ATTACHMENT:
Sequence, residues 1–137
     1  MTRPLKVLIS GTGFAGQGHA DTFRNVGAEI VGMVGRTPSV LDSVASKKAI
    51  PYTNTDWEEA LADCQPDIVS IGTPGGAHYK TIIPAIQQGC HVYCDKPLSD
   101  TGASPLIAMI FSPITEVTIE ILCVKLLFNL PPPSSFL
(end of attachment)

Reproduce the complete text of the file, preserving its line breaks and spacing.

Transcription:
Sequence, residues 1–137
     1  MTRPLKVLIS GTGFAGQGHA DTFRNVGAEI VGMVGRTPSV LDSVASKKAI
    51  PYTNTDWEEA LADCQPDIVS IGTPGGAHYK TIIPAIQQGC HVYCDKPLSD
   101  TGASPLIAMI FSPITEVTIE ILCVKLLFNL PPPSSFL